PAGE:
I’m blogging my way through Sense and Goodness Without God, Richard Carrier’s handy worldview-in-a-box for atheists. (See the post index for all sections.) Last time, I discussed section II.2.1 The Meaning of Words. Now we’re ready to talk about the useful arrangement of words into sentences – and more specifically, propositions: sentences that can be true or false based on whether or not they make true predictions.
Note that many sentences are not propositions, for example: “Can I go out and play?” or “Do your homework first.” or “Fuck you, mom!” These sentences are not true or false; they are used to express other types of meaning.
Types of propositions
There are many types of propositions. The first is the definition. For example: “Cats are felines.” This is true simply because we’ve defined it to be true, like “2 + 2 = 4.”
We can also make stipulative definitions, as in: “For the purposes of this debate, ‘God’ is defined as the all-knowing, all-powerful, all-loving personal being who created the universe.” This is true because we defined it to be true for this particular situation. (And then, the debaters would commence arguing about whether God, so defined, actually exists.)
Another type of proposition is the descriptor, for example: “Cats are mammals.” This means that cats have the qualities that are associated with mammals: a skeleton, mammary glands, hair, a nervous system, DNA, etc.
Perhaps surprisingly, Carrier says that propositions can also express opinions, as long as we remember that an opinion says something that is true or false about an individual’s feelings. For example: “Cats are cute” is true if we understand it to mean something like, “Cats are charmingly attractive to the speaker.” This kind of statement can also be false, for example if I tell a girl I think her swollen belly is cute even though it is not charmingly attractive to me.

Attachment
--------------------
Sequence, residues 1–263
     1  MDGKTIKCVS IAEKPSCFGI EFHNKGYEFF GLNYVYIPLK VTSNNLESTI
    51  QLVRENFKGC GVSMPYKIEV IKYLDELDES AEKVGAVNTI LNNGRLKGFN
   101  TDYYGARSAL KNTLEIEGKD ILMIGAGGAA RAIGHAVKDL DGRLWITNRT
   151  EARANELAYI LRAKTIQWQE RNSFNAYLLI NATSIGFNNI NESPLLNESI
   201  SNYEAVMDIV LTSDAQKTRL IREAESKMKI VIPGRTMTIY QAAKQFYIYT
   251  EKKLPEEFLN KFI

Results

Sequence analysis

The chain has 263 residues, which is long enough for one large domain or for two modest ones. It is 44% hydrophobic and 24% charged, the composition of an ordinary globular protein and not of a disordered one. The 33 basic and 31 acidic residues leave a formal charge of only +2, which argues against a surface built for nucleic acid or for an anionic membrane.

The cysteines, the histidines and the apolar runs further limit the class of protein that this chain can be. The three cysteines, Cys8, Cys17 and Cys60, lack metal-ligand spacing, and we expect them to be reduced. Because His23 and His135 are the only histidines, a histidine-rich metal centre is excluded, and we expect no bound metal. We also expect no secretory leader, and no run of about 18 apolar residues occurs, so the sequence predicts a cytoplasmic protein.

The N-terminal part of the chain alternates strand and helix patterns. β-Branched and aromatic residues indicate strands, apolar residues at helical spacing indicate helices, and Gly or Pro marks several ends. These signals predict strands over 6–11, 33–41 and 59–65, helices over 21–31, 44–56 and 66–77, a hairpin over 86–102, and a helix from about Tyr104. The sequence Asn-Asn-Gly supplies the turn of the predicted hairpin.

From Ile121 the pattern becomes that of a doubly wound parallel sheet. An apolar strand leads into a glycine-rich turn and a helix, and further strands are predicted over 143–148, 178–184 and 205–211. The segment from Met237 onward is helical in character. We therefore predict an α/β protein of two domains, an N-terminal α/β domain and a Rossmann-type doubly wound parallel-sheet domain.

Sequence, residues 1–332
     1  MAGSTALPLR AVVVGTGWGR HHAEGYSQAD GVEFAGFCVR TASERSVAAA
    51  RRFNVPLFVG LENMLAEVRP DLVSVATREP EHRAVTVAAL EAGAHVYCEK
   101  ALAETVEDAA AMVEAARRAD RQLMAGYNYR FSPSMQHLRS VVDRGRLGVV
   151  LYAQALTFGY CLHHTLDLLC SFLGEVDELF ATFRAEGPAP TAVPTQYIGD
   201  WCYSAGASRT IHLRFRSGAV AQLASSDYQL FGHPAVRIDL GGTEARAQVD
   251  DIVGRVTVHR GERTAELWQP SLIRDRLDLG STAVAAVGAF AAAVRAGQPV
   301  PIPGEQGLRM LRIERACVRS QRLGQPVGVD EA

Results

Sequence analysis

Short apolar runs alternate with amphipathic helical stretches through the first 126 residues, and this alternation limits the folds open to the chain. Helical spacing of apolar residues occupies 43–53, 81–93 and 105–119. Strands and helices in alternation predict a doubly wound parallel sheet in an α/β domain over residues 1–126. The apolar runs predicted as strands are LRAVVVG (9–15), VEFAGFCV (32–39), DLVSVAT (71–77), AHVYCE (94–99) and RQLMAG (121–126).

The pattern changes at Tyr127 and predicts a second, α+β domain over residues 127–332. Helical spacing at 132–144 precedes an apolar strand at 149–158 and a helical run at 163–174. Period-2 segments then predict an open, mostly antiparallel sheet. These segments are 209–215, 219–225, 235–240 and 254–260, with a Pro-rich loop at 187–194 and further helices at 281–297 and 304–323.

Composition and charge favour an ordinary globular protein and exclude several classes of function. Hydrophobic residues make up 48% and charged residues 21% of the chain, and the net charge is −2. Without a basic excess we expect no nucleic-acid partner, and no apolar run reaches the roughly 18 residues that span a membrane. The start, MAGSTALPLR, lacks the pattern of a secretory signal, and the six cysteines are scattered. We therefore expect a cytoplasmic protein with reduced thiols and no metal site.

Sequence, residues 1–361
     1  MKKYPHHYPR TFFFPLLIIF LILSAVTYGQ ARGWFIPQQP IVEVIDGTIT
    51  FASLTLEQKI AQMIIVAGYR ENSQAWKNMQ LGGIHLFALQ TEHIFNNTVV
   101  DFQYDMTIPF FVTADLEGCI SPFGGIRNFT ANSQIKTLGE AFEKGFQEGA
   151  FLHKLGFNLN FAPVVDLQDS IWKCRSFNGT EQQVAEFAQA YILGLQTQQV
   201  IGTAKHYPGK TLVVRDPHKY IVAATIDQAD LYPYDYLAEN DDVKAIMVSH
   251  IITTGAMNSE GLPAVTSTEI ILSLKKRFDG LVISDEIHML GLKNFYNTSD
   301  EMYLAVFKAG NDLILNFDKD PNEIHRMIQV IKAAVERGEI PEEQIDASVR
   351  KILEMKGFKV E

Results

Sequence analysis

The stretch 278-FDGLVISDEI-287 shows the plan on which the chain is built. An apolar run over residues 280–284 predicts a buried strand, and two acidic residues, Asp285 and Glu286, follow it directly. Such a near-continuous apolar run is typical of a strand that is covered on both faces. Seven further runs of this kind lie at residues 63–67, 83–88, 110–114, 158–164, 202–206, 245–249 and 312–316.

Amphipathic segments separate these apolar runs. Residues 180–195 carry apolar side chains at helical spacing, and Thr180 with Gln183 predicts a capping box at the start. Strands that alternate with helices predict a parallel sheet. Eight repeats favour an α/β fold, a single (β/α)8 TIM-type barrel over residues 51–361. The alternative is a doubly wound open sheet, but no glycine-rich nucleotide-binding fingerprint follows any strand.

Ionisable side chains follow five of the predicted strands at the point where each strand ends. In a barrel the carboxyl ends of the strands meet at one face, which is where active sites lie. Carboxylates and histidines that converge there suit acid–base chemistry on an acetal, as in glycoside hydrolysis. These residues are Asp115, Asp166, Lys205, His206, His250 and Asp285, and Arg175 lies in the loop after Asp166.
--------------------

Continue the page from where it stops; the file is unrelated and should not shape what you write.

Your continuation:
There might also be moral propositions, but we’ll get to those when I review Richard’s sections on morality.
The final type of proposition is the factual claim, which is a “hypothesis” that predicts something about human experience.
That’s how Carrier puts it on page 40, anyway. But remember, Carrier said earlier that all propositions make predictions about human experience. As Carrier explains on page 41:
All the other types of proposition can actually be described as types of hypothesis, as different kinds of claims to fact. For they all make predictions. References (lexical definitions) predict that if any copy of the implied lexicon is consulted… the stated meaning will be experienced. So “cats are felines” is true if the code word ‘cat’ is actually found to be equivalent to the code word ‘feline’ in some actual lexicon…
Descriptions… predict that if the thing being described is experienced, the features stated in the description will also be experienced. [If "Roses are red," then wherever roses are experienced, redness should also be experienced. Of course this is false, as some roses are not red. Also, I'd like to clarify for Carrier that "Roses are red" may have to be taken to mean something like "Rose petals are red when they are biologically normal and white light is shining on them."]
In the case of opinions, they claim that someone actually has the stated opinion.
Through some unnecessary mental gymnastics, Carrier also asserts that wishes and commands are propositions, but I don’t think it’s useful to think of them as such.
Anyway: to Carrier, all propositions are factual claims, which have meaning and make predictions.
So then, if we have properly understood the meaning of a proposition, and we know what predictions it would entail, how do we tell if the proposition is true or false? Carrier says, “a statement is true if the experiences it predicts will actually be experienced under the implied conditions… given the absence of errors, interfering circumstances, and so on, and accounting for modifiers where appropriate (like ‘sometimes’ or ‘often’ or ‘probably’).”
Next, I’ll discuss II.2.2.8 Naturally Warranted Belief, in which Carrier defends his views from two attacks of Christian philosopher Alvin Plantinga.